Style in Film: The Great Gatsby

The 1920s. The Jazz Age. The age when Coco Chanel invented “a mode of brilliant simplicity” (Cecil Beaton), stripping women of their finery and freeing them of the tyranny of corsets and hobble skirts; she was also one of the first women to wear her hair short. The Prohibition era. The decade of decadence and dancing, of fantastic parties, remarkable for representing the true spirit of their time. A time when F. Scott Fitzgerald was holidaying with musicians, writers and artists, like his wife Zelda, Ernest Hemingway, Picasso, Stravinsky and Dorothy Parker, at the French Riviera villa of the American socialites Gerald and Sara Murphy or partying at the Ritz in Paris (Coco Chanel: The Legend and the Life). The Roaring Twenties he embodied in his book of an enduring appeal “The Great Gatsby”: a love story, a story of the power of illusion, a deconstruction of the American dream.

I’m not going to compare the book with the 1974 screen version of The Great Gatsby, because I wouldn’t even probably write about it then, for obvious reasons (but really, how could anyone put on film Gatsby’s greatness which is measured by the intensity of his dreams?). However, the movie did an excellent job in portraying the Jazz Age. The scenes of Gatsby’s party seemed almost real because of the accurate costumes, the Charleston, the drinking, the dancing and the well trained dancers.

And I’m starting with the party scene as the costumes are beautiful here and it’s the only scene I like what Daisy Buchanan is wearing. The ’20s fashion is currently enjoying a revival and this is the style of the ’20s that I like. Glamorous drop-waist dresses covered with beads, swaying pearls, Daisy’s shimmering silver fringe dress and jewelled headpiece and Jordan’s backless blue dress, amazing one-shoulder cape and feathered headbend (how gorgeous is her hair style?). I simply love these two outfits.

I’m approaching fashion in this film a little differently, meaning that I am going to insist very little on the main female character. The reason is simple: except for the party scene and the three looks below (the white chiffon dress, the beautiful cape and the detailing on the pale yellow dress), I didn’t quite like them. The clothes may epitomize her girlish naïveté, the way Daisy always seems to be cacooned in fabric, a fragile character that could not survive outside the world she’s wrapped up in, but I can’t help thinking that the costume designer could have done better. Moreover, I didn’t like Mia Farrow’s portrayal of Daisy: from her high-pitched voice and plain acting to the lack of chemistry between her and Robert Redford, she takes from the book’s character, which can be a little misleading. She was just wrong for the part.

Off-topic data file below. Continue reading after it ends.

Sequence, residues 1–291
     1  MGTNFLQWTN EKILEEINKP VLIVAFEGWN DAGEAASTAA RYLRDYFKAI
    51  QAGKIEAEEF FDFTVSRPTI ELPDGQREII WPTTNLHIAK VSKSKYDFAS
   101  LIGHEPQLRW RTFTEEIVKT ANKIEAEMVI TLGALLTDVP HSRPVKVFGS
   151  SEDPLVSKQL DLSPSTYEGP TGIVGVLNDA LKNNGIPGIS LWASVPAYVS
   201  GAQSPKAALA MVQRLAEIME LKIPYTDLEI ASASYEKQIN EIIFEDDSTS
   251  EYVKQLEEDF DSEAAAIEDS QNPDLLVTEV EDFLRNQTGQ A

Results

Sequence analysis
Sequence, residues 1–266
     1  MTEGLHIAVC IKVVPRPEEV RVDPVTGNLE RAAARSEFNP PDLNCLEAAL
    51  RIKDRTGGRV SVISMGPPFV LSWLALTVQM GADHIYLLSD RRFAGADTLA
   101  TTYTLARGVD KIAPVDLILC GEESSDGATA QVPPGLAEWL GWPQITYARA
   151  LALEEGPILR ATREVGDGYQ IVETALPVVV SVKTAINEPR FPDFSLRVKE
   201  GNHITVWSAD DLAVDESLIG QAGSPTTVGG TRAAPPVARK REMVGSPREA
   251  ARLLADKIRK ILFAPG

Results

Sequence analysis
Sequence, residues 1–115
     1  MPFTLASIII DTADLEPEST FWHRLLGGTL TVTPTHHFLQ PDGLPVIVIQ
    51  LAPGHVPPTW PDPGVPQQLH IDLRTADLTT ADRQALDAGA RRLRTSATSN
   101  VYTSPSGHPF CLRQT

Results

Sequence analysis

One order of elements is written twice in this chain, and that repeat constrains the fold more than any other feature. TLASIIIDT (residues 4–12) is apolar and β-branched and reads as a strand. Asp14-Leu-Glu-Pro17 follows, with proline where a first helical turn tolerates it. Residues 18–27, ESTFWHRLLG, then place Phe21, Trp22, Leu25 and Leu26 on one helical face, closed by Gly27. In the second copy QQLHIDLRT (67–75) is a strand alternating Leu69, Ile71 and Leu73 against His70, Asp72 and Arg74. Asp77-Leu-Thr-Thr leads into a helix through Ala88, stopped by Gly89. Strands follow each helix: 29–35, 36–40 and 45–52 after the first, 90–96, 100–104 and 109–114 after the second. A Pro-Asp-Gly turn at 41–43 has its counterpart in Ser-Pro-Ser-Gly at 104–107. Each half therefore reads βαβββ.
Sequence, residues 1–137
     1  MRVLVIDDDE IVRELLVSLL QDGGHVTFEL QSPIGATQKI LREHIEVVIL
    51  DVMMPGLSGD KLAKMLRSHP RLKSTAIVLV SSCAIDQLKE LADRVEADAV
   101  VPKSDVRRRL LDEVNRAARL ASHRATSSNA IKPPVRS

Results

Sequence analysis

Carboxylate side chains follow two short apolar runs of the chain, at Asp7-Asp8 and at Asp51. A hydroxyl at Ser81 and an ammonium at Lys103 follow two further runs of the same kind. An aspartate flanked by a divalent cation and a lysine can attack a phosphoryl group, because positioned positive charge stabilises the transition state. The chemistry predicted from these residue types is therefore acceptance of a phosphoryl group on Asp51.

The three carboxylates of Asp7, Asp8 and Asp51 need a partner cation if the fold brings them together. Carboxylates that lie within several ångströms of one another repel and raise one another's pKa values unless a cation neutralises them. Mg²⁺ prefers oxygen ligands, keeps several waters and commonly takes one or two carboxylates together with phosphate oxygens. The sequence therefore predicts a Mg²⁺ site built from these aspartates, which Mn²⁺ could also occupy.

Sorry for the poor image above, it’s a transition shot and that’s the way it appears on screen.

It’s Jordan Baker’s wardrobe that appeals to me. This is the other part of the ’20s fashion that I like, the more masculine look, the androgynous silhouettes that Chanel herself pioneered. Jordan (played by Lois Chiles) is a professional golf player and her outfits reveal her exuberant, sportive, independent character. This is such a beautiful interpretation of the time’s fashion and the costume designer deserves all the credit for it. Don’t you love the lounge silk pants suit, the golf gear and gorgeous brogue shoes, yet another headband and bare-back silver party dress with elbow-length white gloves, the graphic day-dress and the beautiful feathered hat?

Ralph Lauren consulted on the male leads’ costumes, but he was left out of Theoni V. Aldredge’s Oscar acceptance speech. This is known to have happened with other films and I’ll leave it at that. I don’t think that anyone could have done a better job than Ralph Lauren in designing Robert Redford’s clothes. Summer whites, cable knits, beaded sheaths, crisp oxfords, classic tuxedo, striped suits, all illustrating the elegance of the era. They are so Jay Gatsby, so Ralph Lauren, so American with a classical English influence.

The white suit: who else than Robert Redford could have pulled this off better?

Ralph Lauren showed great talent in designing the costumes, just as much as Robert Redford (with his calm intensity) showed great talent in wearing them. And I’m not referring to the way they fit, but to the way he seems not to be at ease in his bespoke clothes. They are only a means to reclaim his lost love. Everything he does is for love.

I love this look, with the silk scarf and blazer.

The surprising pale pink linen three-piece suit. It’s one of the most singular suits in the history of cinema and it’s been much written about its symbolism. Throughout the film Gatsby is dressed in the fashion of the period, but he wears the clothes in his own unique way, which could not be better expressed than through the use of colour. Robert Redford is wearing the pink suit with such conviction, as it’s part of the image of the hero Jay Gatsby invents, the same conviction with which he believes he’s going to win Daisy back.

photos: film stills captured by me, production credits


This entry was posted in Style in film . Bookmark the permalink.

22 Responses to Style in Film: The Great Gatsby

  1. Pingback: Jess in Belgium: Super, Pretty, Funny {no. 17}

Leave a Reply

Your email address will not be published. Required fields are marked *